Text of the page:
Apple loses its iconic 'Think Different' trademark in a legal case against Swatch

Over the past years, Apple and Swatch, a well-known Swedish watch manufacturer, have been involved in a number of trademark disputes due to overlap in their product market since the release of “Apple Watch”. Recently, Apple lost yet another trademark dispute against Swatch, this time for its slogan associated with a highly successful advertising campaign, “Think Different”.


Igor Demcak

Case details

Apple Inc first obtained registration of the word sign THINK DIFFERENT as an EU trademark back in 1997. The goods in respect of which the registration was sought include IT products such as computers, computer terminals, keyboards, computer hardware, software and multimedia products. The campaign is mostly associated with a famous Apple commercial, in which Steve Jobs, the company’s founder, praises the creativity of the greatest innovators in human history, as video clips scroll by Martin Luther King, Albert Einstein and many others, and, in the end, Apple’s logo appears accompanied by the slogan “Think Different”.

In 2016, Swatch filed several applications before the European Union Intellectual Property Office (EUIPO) seeking to revoke Apple’s “Think Different” trademark on the grounds of non-use. Swatch argued that the term “Think Different” was not used in relation to the products for which they were registered. According to the EUIPO, the EU trademark must be put to genuine use in the European Union in the five years following its registration. Moreover, use must not be interrupted for over five years. Apple was required to submit evidence proving trademark use in connection to its goods and services for the five years preceding Swatch’s applications. The evidence provided by Apple was evaluated by the Court and considered to be either not sufficient enough to show genuine use or fall outside the scope of the five years.

On 24 August 2018, the Cancellation Division of the European Union Intellectual Property Office (EUIPO) revoked the contested marks in respect of all the goods concerned. In addition to the absence of genuine use, the Board of Appeal attributed the trademarks to a rather weak distinctive character. In response to this decision, Apple brought three actions before the General Court of the European Union, which were later dismissed in June 2022.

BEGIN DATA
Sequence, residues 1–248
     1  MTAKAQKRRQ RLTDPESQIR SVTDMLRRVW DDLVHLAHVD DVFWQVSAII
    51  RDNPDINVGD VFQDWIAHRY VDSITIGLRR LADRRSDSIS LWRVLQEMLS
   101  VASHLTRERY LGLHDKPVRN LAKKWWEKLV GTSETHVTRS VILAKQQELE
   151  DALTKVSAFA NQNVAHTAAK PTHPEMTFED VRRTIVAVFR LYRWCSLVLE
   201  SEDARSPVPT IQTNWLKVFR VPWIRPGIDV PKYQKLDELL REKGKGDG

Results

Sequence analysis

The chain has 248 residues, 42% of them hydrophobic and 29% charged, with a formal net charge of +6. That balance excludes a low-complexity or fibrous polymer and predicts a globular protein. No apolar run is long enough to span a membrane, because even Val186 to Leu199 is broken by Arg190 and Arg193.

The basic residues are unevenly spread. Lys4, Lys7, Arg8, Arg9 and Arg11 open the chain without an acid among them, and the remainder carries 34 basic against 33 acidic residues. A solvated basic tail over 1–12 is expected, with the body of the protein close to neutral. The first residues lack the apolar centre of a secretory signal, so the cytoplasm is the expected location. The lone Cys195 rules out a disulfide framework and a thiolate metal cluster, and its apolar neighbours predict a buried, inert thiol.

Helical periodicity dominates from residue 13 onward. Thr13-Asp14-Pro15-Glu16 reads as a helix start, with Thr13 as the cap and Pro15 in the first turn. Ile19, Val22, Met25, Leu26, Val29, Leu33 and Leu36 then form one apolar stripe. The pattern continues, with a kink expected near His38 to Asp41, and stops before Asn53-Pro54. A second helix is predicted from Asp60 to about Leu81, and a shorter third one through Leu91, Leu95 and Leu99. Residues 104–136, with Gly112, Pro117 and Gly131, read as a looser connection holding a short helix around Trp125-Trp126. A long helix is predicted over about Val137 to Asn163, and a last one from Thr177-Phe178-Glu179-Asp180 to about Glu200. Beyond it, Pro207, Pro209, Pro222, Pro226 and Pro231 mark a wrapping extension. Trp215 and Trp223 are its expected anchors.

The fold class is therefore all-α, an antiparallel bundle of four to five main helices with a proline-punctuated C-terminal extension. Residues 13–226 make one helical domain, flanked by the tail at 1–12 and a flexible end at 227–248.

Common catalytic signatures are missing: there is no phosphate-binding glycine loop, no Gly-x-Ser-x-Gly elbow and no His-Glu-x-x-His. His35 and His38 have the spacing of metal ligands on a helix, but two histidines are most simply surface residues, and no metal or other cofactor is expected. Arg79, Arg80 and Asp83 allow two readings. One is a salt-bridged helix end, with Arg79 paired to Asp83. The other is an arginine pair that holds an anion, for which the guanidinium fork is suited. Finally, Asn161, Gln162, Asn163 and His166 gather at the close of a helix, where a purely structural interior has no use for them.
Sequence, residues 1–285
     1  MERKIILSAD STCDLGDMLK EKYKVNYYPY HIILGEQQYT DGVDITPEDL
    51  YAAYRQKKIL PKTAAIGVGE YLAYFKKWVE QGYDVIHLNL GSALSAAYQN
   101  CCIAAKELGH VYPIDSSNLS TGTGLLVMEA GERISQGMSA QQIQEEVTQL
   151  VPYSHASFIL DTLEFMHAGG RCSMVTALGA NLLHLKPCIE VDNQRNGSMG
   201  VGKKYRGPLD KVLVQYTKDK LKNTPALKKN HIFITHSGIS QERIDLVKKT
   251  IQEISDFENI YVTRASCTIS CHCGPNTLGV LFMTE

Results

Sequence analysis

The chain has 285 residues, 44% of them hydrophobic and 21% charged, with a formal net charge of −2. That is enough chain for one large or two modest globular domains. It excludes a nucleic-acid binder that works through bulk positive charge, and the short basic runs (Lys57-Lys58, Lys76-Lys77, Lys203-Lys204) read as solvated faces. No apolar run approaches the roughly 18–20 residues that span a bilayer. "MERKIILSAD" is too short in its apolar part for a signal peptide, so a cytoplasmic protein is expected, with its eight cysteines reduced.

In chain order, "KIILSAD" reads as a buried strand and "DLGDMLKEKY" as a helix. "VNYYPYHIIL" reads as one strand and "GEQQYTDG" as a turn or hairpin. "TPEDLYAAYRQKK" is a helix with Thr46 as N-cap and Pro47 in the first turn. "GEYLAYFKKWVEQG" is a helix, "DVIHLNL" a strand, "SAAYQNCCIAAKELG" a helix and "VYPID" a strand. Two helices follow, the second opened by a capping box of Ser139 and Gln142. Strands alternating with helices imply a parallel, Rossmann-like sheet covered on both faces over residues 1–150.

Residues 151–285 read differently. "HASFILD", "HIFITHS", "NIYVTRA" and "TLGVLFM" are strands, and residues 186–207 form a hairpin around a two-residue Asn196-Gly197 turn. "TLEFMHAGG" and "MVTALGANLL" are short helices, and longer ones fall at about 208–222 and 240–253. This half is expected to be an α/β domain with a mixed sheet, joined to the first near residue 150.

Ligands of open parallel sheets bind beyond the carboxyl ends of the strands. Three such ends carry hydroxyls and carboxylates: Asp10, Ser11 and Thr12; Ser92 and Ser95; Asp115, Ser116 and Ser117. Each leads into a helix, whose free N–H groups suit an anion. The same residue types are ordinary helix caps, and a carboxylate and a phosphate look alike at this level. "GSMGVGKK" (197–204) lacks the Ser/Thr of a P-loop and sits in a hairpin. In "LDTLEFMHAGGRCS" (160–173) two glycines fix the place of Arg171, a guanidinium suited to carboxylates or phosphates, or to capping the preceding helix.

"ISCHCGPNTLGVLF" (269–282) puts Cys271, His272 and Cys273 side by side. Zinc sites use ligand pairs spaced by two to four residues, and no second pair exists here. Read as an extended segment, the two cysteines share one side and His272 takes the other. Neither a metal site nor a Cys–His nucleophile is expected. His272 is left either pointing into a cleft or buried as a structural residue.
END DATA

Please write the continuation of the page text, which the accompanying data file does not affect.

One more thing

In 2015, Swatch filed an application to protect the word trademark 'One more thing' in a number of jurisdictions around the world. Apple opposed this application, arguing that consumers would likely associate the trademark with the public speeches given by Steve Jobs. The American entrepreneur and one of the most influential businessmen of our times often introduced the highlights of Apple products with the words "One more thing". In many cases, completely new product categories, such as the iPod mini or the MacBook Pro, were presented, so this phrase was often associated with high expectations of the audience. Even after Jobs' death, the saying found its way into Apple's presentations - when the company presented the first Macs with ARM chips in 2020, even the event bore this title.


In 2016, Apple filed a trademark application for the term ‘iWatch’ in the U.K. Swatch proceeded to file an immediate objection to it for its iSwatch and Swatch products. The Swiss company argued that it had already acquired an earlier trademark for iSwatch that included similar products to the proposed smartwatch. According to their claim, allowing Apple to register its trademark in the U.K. in similar trademark classes would be likely to cause consumer confusion. The Court affirmed this claim, and Swatch successfully opposed Apple’s trademark application for the term “iWatch” before the U.K. Intellectual Property Office, forcing Apple to call its smartwatch “Apple Watch.” 

Igor Demcak
Igor Demcak

Trademark Attorney

Founder & CEO of Trama

7 year experience in IP protection

Gain more insights about the importance of brand in your industry through our selection of indicators and case studies.

Hero - software industry